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APA’s Efforts to Fight Senate Health Care Bill

     

After Congress returns from its July 4th recess, Senate Republicans will resume their efforts to repeal and replace the Affordable Care Act (ACA), better known as Obamacare. The bill, the Better Care Reconciliation Act (BCRA), was recently scored by the Congressional Budget Office (CBO), and the findings paint a grim picture for the future of health care should it become law.

According to analysis from the CBO, more than 22 million Americans would lose coverage by 2026 should the Senate’s proposed legislation pass. That number is troubling to say the least, but perhaps even more disturbing is what kind of ripple effect such a loss of coverage would have for patient populations across the United States, particularly regarding mental health and substance use disorders. This is why the APA has taken such a public stance against this bill.

We are not alone. We have joined with five other medical organizations – the American Academy of Family Physicians, the American Academy of Pediatrics, the American College of Physicians, the American Congress of Obstetricians and Gynecologists and the American Osteopathic Association – in Hill visits with key lawmakers so we can speak out on behalf of our members and our patients. Together we represent more than half a million frontline physicians.

In addition, the APA and the American Psychological Association sent a letter to the Senate leadership that called on the Senate to reject the bill on the grounds that it would penalize those currently receiving mental health and substance use treatment by eliminating protections for preexisting conditions put in place by the ACA. The letter, co-signed by myself and Arthur C. Evans Jr., CEO and executive vice president of the American Psychological Association, points out the dangers in capping federal Medicaid payments while the country is in the throes of an opioid epidemic that has devastated communities across the country and shown no regard for race or social class.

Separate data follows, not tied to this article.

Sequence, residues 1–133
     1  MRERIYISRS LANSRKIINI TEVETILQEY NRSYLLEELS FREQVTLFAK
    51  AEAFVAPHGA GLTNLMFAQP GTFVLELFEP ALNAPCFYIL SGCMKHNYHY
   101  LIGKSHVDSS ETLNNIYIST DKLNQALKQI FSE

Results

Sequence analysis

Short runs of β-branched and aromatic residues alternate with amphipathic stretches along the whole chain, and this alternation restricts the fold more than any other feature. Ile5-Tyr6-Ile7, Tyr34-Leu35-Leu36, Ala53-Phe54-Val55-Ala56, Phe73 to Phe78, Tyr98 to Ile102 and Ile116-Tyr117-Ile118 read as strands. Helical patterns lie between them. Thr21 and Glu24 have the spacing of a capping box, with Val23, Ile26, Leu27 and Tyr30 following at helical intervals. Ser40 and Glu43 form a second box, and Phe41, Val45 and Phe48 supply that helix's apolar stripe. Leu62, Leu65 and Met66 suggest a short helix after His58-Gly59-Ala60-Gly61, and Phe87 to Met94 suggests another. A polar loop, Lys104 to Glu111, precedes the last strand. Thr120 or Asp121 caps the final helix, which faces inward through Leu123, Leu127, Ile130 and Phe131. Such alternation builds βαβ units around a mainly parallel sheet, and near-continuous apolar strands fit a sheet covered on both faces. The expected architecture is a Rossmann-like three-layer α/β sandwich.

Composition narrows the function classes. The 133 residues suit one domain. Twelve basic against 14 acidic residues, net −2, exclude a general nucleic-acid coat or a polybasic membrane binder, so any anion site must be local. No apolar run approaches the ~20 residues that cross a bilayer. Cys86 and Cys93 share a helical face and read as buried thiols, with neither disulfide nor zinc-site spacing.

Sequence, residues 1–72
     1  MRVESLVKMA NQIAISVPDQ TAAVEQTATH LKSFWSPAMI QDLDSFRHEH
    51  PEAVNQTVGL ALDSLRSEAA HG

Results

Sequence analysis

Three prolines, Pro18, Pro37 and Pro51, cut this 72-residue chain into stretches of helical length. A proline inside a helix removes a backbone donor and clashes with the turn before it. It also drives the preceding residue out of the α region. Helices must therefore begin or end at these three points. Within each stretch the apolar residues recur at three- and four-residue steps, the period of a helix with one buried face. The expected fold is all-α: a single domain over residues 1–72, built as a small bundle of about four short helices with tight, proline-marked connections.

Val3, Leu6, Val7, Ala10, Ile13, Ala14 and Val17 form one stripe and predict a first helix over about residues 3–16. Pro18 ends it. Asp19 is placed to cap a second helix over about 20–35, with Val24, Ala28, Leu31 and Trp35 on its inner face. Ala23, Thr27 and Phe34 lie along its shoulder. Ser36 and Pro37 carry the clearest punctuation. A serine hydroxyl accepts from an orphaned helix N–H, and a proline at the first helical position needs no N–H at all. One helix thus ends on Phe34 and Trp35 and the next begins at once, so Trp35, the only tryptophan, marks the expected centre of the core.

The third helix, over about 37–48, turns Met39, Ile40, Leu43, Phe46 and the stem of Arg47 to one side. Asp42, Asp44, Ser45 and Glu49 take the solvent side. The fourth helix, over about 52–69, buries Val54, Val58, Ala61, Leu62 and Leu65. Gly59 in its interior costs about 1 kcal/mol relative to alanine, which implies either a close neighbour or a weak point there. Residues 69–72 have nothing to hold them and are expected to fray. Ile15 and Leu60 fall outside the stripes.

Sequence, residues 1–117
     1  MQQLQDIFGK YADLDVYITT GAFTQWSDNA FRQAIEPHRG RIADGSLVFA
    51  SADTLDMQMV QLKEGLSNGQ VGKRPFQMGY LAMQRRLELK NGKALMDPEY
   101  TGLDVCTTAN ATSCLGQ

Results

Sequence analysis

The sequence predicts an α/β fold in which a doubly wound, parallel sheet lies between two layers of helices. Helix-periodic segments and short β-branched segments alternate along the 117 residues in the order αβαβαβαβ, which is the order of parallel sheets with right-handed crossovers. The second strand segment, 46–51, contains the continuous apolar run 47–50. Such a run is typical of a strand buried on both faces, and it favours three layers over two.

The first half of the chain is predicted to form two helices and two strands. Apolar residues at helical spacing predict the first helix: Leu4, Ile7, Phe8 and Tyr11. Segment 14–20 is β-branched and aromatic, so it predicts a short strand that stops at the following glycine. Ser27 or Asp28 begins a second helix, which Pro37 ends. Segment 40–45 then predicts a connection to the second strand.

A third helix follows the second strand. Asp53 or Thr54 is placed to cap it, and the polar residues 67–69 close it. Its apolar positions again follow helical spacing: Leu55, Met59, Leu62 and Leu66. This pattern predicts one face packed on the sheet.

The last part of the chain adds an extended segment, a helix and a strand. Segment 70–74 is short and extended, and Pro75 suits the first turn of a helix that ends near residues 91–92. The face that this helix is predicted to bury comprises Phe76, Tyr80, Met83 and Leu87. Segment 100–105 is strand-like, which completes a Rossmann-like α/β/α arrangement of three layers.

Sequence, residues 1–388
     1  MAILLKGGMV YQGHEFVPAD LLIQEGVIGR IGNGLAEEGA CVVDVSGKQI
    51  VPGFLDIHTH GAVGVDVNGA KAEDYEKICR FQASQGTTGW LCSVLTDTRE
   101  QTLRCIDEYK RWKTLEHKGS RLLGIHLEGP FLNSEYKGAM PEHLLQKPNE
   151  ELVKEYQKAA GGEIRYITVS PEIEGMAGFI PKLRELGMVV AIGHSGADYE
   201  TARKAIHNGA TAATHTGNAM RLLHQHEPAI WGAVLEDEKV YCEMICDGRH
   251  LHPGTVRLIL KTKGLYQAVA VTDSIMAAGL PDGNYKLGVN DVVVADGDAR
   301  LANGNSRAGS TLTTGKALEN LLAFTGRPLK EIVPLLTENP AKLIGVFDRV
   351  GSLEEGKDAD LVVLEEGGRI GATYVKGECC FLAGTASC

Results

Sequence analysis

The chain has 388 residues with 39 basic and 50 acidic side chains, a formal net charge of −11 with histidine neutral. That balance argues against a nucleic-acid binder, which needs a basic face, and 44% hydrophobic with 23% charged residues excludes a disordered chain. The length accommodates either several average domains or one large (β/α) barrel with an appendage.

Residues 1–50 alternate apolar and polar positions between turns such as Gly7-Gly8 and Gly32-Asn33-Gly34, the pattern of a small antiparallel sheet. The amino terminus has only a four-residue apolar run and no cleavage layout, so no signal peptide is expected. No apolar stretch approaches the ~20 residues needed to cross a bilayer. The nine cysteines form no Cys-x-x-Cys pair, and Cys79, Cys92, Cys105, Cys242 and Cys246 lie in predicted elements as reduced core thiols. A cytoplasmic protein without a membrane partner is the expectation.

Insurance payments for opioid use and dependence services have skyrocketed in recent years. Many of those who are covered and receiving treatment today would be denied service if the proposed legislation were to pass. The result, unquestionably, would be thousands more dead from an epidemic that in 2016 alone claimed more American lives than the entirety of the Vietnam War.

That, of course, is to say nothing about the millions of Americans who receive treatment for depression, schizophrenia, PTSD and other serious mental illnesses that can often result in death if left unchecked and untreated. Any bill that removes patient protection for preexisting conditions, which the Senate bill does, would allow insurers to once again pick and choose who they cover to avoid financial responsibility for the essential services. For those who depend on these services to maintain their quality of life, and indeed to stay alive, the outcome would be ruinous.

The APA has been vocal in our opposition to this legislation, which to date has been drafted behind closed doors and without input from any patient or physician group, and we will continue to oppose it until the bill represents a true bipartisan effort to increase access and quality of care for all Americans. We will continue to be active in our efforts on Capitol Hill, but your voice is needed too. Please reach out to your Senators and Representatives and urge them to reject this legislation.

What APA is Doing For You

This blog post is part of an occasional series highlighting how APA advocates on your behalf to support the profession of psychiatry and put our interests before key policymakers.

     

Post by Saul Levin M.D., M.P.A.

Saul Levin, M.D., M.P.A., FRCP-E, is APA's CEO and Medical Director. Read Dr. Levin's full biography

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CEO BlogWhat APA is Doing for You

 

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